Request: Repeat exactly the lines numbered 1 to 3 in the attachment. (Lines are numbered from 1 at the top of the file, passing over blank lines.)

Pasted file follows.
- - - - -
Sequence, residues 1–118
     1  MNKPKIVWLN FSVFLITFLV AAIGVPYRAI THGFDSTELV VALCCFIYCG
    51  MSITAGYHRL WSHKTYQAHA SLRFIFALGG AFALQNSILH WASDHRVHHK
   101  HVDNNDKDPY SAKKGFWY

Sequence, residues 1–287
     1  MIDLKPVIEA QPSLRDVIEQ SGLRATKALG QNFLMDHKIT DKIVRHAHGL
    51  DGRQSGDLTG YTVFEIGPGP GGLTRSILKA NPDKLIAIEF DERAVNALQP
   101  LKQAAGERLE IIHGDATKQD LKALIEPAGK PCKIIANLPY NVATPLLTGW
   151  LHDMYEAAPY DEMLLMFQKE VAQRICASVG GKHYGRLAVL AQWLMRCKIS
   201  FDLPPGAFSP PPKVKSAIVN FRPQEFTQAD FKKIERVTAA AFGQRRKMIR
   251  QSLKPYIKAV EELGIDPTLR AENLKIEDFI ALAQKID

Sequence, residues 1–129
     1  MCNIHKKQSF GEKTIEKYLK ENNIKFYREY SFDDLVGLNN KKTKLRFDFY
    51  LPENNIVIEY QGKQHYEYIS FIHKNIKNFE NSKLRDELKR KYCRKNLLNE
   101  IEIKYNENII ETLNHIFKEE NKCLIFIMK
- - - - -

Sequence, residues 1–118
     1  MNKPKIVWLN FSVFLITFLV AAIGVPYRAI THGFDSTELV VALCCFIYCG
    51  MSITAGYHRL WSHKTYQAHA SLRFIFALGG AFALQNSILH WASDHRVHHK